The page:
Meat or fish topper: Spicy, pungent ginger is a great way to add complexity to meat or fish dishes that contain a decent amount of protein. Try it on steamed salmon filets or grilled grass-fed steak: Top your cooked protein with julienned or thinly sliced ginger and scallions, then drizzle with warm oil and soy sauce or coconut aminos. Serve over cauliflower rice, if desired.
Breakfast booster: To wake up your tastebuds, stir ½ teaspoon powdered ginger into plain yogurt and top with chopped apples, walnuts, and chia seeds, or add it to a low-carb oatmeal alternative made with chia, hemp hearts, flax, and nut milk; or make this protein-rich Green Ginger Fab 4 Smoothie from nutritionist Kelly LeVeque featuring 1 teaspoon grated, fresh ginger (which you can swap with ½ tsp of powdered ginger).
Dressing, marinade, or stir-fry sauce: Whip up a single sauce that can act as a salad dressing, marinade for proteins, and stir-fry sauce. For a hearty, Asian-inspired sauce that’s great on low-carb noodle dishes, blend coconut milk, almond butter, ginger, jalapeno, red miso, garlic, lime, dates, and cayenne.
Spiced grain-free granola: Use powdered ginger along with warming spices like cinnamon and cardamom to make a batch of grain-free granola. Simply toss a variety of seeds and chopped nuts (pecans, walnuts, pumpkin seeds, flax seeds, hemp hearts) with spices, sea salt, coconut oil, monk fruit, and vanilla, then spread on a sheet pan and bake at 350 F for 5-7 minutes.
Spicy ginger sauerkraut: Boost the metabolic benefits of sauerkraut (already pretty impressive) by adding ginger to your recipe. Try this tart, tangy, subtly sweet recipe featuring polyphenol-rich cabbage, grated ginger, radish, and thinly sliced apples. It’s delicious on grilled pork, salads, roasted veggies, and eggs.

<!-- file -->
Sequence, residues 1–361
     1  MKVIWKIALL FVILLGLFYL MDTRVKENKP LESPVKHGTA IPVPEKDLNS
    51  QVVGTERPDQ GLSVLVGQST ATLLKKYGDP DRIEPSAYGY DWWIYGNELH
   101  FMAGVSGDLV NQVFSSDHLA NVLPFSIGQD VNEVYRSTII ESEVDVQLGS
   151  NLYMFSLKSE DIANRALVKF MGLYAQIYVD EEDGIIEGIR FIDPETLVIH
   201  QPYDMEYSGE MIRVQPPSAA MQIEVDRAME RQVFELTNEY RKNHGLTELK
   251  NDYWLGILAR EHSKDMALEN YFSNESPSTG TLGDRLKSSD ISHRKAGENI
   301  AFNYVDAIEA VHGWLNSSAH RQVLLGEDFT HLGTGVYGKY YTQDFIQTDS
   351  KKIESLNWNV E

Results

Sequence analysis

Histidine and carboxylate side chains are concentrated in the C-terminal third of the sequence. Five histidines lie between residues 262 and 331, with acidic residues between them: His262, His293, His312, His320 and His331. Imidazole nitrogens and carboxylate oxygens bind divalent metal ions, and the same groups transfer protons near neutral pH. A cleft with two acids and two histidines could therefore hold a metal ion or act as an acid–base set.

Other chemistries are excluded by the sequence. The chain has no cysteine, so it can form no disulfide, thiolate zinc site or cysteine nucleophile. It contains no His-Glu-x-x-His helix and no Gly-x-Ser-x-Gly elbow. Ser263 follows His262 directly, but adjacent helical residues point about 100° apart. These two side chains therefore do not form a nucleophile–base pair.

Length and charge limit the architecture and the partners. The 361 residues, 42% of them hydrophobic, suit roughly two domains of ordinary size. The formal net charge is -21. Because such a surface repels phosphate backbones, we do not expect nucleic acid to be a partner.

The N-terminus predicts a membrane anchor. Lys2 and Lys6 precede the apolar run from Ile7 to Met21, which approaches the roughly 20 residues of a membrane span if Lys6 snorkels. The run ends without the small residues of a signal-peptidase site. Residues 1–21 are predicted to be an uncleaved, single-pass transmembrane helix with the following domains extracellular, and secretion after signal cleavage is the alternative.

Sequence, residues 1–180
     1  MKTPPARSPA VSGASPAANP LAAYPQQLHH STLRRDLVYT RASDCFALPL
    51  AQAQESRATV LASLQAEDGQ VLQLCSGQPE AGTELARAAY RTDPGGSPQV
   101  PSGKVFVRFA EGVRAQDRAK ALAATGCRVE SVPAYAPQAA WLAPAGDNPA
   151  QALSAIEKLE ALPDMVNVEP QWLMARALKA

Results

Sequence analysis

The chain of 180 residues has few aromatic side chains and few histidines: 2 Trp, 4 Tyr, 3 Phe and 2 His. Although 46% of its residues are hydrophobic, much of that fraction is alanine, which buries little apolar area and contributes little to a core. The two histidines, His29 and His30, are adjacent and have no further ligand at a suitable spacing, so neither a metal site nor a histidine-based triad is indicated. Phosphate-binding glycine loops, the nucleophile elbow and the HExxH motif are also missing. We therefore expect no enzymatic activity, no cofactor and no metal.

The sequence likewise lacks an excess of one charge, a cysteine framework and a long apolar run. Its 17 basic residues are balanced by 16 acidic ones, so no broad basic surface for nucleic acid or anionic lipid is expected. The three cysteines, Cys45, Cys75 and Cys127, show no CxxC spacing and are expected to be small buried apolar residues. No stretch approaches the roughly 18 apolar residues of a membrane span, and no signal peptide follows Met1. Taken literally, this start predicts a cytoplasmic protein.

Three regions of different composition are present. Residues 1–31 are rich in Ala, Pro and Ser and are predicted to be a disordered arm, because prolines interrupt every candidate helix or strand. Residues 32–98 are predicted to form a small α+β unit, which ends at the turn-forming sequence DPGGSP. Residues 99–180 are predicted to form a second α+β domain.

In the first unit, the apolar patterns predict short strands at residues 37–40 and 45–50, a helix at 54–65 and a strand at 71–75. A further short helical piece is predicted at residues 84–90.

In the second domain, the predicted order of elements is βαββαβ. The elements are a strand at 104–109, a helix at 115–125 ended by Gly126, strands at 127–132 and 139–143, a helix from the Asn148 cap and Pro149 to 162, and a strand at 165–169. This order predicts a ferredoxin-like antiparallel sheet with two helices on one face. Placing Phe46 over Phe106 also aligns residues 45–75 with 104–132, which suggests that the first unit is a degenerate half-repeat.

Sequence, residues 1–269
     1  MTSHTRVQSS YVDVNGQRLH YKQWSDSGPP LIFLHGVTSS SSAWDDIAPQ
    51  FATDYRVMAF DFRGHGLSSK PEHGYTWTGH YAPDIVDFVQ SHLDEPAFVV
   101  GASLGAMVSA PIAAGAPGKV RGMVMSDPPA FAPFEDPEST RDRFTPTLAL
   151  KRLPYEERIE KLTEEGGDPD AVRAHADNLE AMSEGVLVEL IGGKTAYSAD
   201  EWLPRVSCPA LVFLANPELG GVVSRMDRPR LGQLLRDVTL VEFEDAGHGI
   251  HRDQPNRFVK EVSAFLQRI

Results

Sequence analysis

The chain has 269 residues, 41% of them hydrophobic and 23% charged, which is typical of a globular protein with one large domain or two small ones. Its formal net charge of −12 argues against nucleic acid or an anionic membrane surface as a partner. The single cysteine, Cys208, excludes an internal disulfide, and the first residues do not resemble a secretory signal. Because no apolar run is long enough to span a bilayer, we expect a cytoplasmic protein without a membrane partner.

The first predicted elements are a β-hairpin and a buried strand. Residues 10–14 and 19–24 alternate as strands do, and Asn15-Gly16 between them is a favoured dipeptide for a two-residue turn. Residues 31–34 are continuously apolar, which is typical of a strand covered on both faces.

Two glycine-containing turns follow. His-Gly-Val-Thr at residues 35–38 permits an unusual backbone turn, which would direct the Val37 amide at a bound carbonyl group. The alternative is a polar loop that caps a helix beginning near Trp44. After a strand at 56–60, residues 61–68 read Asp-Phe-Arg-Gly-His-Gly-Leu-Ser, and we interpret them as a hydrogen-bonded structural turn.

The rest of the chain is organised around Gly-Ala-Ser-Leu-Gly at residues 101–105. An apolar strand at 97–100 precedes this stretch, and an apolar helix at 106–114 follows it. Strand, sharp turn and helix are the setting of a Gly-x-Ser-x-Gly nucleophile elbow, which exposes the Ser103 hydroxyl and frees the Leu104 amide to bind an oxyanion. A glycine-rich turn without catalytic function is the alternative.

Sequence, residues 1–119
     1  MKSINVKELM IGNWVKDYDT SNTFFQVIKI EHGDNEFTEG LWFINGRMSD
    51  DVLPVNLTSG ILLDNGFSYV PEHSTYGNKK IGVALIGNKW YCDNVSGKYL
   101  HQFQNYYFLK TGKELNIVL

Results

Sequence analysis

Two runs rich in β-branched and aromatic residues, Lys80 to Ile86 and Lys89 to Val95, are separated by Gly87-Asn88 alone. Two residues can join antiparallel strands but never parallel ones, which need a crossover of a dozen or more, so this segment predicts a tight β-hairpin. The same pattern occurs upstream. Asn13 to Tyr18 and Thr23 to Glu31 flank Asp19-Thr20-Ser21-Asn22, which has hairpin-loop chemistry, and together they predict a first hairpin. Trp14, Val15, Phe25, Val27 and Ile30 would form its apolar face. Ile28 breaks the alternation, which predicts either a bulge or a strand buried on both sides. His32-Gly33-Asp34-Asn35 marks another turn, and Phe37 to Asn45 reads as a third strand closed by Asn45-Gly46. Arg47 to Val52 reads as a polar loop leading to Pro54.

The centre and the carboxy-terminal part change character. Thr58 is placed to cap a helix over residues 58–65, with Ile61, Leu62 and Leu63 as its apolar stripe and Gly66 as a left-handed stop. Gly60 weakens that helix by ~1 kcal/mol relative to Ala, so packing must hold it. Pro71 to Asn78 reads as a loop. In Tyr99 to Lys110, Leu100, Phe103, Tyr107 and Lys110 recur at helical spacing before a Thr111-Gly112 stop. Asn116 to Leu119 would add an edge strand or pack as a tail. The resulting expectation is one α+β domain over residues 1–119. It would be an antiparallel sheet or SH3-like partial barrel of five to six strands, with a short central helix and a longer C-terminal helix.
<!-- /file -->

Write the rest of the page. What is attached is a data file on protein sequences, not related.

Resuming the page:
DIY spice mix: Research has found that consuming a variety of antioxidant-rich herbs and spices—ginger, cinnamon, turmeric, basil, bay leaf, black pepper, coriander, cumin, oregano, parsley, red pepper, rosemary, and thyme—along with a meal high in carbs and saturated fat can help curb markers of inflammation associated with high carb and fat intake. Consider this motivation to whip up your own flavorful spice blends, so you get a variety of beneficial compounds in one place. This Moroccan Spice Blend (made with ginger, turmeric, cinnamon, and more) makes a great dry rub and addition to stews, lentil dishes, and cauliflower rice.
Carrot ginger soup: You can add fresh or powdered ginger to any soup that needs a little warmth or spice, but this creamy, subtly sweet carrot ginger soup—featuring carrots, grated ginger, ACV, yellow onion, garlic, olive oil, and veggie broth—is a great place to start. Ingredients are cooked and simmered until soft, then pureed in a blender.